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Dale G. Renlund is a dutiful Mormon, accustomed to accepting any request without question, but when LDS Church President Thomas S. Monson issued the call Tuesday to serve as the church's 100th apostle, Renlund was "stunned and speechless."

The retired cardiologist was, he said at an afternoon news conference, "somewhere between apoplectic and catatonic. ... I uttered some kind of acceptance."

Monson then assured him that this was not a human decision, saying, "'God called you. The Lord made it known to me.'"

Despite those words, Renlund said, since Tuesday he has been "plagued by severe insomnia."

His main mission, like that of the rest of the Quorum of the Twelve Apostles, is to share Christ's atonement with the world, Renlund said. Beyond that, he isn't sure what to expect.

"I can't imagine what this is going to be like," he told the assembled media. "I really have no clue."

Renlund, 62, is a retired cardiologist who specialized in heart transplants. He had been in the First Quorum of the Seventy since 2009.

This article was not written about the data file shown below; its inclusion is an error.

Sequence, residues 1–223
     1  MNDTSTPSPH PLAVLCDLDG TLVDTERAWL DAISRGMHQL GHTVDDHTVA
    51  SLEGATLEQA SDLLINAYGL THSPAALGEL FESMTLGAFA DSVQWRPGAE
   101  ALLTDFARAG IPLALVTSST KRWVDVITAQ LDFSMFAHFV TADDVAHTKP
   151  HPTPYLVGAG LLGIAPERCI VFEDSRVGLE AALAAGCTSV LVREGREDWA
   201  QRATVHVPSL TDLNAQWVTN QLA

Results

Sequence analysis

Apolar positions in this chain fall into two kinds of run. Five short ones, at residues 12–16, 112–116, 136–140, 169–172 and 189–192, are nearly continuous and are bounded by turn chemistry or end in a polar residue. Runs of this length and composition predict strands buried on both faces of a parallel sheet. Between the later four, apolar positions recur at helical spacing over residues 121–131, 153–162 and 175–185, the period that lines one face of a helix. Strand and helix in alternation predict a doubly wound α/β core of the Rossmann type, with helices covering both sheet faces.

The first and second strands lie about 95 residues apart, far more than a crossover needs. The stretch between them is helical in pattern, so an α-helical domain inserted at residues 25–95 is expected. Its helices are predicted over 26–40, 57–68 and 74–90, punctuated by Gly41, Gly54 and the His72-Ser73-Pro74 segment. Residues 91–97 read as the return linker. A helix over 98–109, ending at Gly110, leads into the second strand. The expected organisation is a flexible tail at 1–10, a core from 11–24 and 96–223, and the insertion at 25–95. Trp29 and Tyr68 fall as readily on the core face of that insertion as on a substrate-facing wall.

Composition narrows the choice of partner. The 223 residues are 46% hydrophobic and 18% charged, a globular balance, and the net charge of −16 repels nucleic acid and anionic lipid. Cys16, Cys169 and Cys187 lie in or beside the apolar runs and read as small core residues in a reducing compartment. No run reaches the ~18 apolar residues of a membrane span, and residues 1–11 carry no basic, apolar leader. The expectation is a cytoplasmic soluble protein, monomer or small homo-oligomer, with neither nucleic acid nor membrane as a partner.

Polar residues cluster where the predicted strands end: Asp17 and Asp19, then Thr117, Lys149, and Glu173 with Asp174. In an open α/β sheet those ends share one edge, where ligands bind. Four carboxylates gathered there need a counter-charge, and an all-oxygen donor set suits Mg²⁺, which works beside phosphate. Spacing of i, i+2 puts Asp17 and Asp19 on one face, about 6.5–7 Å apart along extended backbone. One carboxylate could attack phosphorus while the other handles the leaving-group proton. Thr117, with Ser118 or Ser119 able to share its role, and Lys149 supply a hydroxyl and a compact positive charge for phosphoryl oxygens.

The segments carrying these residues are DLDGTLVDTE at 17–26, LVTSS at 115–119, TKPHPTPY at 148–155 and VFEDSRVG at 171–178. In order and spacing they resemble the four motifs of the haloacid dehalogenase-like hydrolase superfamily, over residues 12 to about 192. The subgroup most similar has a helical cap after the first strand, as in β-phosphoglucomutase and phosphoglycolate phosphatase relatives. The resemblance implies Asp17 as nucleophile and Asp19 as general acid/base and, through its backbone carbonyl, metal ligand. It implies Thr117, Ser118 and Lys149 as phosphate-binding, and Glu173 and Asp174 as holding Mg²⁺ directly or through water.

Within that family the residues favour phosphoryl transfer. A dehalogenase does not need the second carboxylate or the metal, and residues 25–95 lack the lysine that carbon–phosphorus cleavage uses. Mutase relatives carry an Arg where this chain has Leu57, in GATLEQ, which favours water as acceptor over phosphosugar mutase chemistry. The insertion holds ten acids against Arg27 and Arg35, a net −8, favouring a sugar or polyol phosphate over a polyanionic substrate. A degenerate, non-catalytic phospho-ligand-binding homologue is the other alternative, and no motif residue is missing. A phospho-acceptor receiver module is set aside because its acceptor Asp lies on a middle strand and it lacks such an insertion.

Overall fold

He was born in Salt Lake City to Swedish immigrants and spent several years as a teenager with his family in Sweden and Finland. He also served a mission to Sweden.

Renlund said he stays grounded by recalling the great faith of Congolese Mormons, whom he met while serving in the church's Africa Southeast Area Presidency.

One time in central Congo, he asked a congregation three times to name their challenges. Finally, an older man told him they had none because they had the gospel of Jesus Christ.

"I wanted to grab him by the collar and say, 'You have nothing. You have no running water, no electricity," he said. "But I realized they had the gospel of Jesus Christ, and my wife and I felt like we'd like to grow up and be like those Congolese Saints."

Just as this calling will require sacrifice, that one did, too.

To join him for the Africa assignment, Ruth Renlund had to leave her law firm, where she was president, as well as positions on several prominent boards, a church news release said.

The couple have faced challenges before.

During his training in internal medicine at Johns Hopkins Hospital in Baltimore, Ruth Renlund was diagnosed with ovarian cancer and ultimately had to have a hysterectomy. The couple's only child, a daughter, Ashley, was just 16 months old when her mother was diagnosed.

"Ruth's illness changed the course of our lives," he said. "She's my hero."